by Michael G. Angst
Prepared for Division of Historic Preservation and Archaeology Indiana Department of Natural Resources
Reports of Investigation 46, Archaeological Resource Management Service, Ball State University


Condensed Abstract

An archaeological survey of Rush County, Indiana was conducted under a Department of the Interior History Preservation Fund Survey and Planning Grant administered by the Indiana Department of Natural Resources, Division of Historic Preservation and Archaeology. The purpose of this project was to update and add to the available archaeological data for Rush County.

Prior to this survey, approximately 227 sites were on record for Rush County. Most of these sites were reported by collectors. During this project, 960 acres were covered by pedestrian survey, investigating the till plain, moraine, lake/bog/marsh and valley (terrace and floodplain) environmental zones.  The field survey discovered 225 new sites, bringing the total sites on record in Rush County to 565. The site density was lower than expected, but the artifact density per site and per acre was considerably higher. This was thought to reflect the abundance of Laurel chert in the region.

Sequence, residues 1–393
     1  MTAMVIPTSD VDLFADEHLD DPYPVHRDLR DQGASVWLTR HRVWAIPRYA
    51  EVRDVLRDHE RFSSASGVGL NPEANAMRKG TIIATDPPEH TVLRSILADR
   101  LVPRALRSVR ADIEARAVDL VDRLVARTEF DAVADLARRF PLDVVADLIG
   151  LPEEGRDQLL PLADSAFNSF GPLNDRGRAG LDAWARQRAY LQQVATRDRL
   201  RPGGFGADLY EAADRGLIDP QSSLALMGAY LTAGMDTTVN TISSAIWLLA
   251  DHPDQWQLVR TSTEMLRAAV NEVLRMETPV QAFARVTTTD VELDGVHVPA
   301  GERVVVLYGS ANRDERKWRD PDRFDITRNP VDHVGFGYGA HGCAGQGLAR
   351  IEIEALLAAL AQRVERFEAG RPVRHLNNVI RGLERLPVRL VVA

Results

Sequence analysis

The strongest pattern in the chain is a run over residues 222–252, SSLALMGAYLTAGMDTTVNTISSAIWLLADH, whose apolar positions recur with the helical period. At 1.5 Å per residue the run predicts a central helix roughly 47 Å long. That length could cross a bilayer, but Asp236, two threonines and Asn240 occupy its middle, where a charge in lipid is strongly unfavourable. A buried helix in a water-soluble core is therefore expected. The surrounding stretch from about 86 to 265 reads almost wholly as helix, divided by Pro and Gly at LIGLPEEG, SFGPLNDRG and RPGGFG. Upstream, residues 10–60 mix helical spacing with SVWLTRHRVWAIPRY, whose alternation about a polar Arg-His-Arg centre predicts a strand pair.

Auguring in alluvial and colluvial fans identified deeply buried deposits along the Big Blue and Flatrock Rivers.  The surface geology of Rush County has been heavily influenced by Wisconsin glaciation.  This glaciation produced surface topography suitable for the creation of alluvial and colluvial fans with the potential for archaeological deposits to be deeply buried in the fans.  Although preliminary, this theory could be tested throughout the till plain region of Indiana.